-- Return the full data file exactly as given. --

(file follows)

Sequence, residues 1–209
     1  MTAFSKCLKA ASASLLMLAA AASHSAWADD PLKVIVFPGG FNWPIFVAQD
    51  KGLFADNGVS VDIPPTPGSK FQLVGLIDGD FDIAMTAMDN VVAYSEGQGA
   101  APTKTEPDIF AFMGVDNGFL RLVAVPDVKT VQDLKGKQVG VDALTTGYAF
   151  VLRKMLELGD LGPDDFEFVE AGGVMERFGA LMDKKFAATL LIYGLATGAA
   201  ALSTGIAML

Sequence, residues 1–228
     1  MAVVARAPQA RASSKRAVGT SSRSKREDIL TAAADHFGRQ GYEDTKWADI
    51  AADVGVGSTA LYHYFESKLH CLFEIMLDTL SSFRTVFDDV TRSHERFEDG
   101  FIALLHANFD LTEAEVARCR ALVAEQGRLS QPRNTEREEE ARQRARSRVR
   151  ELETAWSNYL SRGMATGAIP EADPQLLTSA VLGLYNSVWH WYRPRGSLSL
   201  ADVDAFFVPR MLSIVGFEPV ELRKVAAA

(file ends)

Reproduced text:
Sequence, residues 1–209
     1  MTAFSKCLKA ASASLLMLAA AASHSAWADD PLKVIVFPGG FNWPIFVAQD
    51  KGLFADNGVS VDIPPTPGSK FQLVGLIDGD FDIAMTAMDN VVAYSEGQGA
   101  APTKTEPDIF AFMGVDNGFL RLVAVPDVKT VQDLKGKQVG VDALTTGYAF
   151  VLRKMLELGD LGPDDFEFVE AGGVMERFGA LMDKKFAATL LIYGLATGAA
   201  ALSTGIAML

Sequence, residues 1–228
     1  MAVVARAPQA RASSKRAVGT SSRSKREDIL TAAADHFGRQ GYEDTKWADI
    51  AADVGVGSTA LYHYFESKLH CLFEIMLDTL SSFRTVFDDV TRSHERFEDG
   101  FIALLHANFD LTEAEVARCR ALVAEQGRLS QPRNTEREEE ARQRARSRVR
   151  ELETAWSNYL SRGMATGAIP EADPQLLTSA VLGLYNSVWH WYRPRGSLSL
   201  ADVDAFFVPR MLSIVGFEPV ELRKVAAA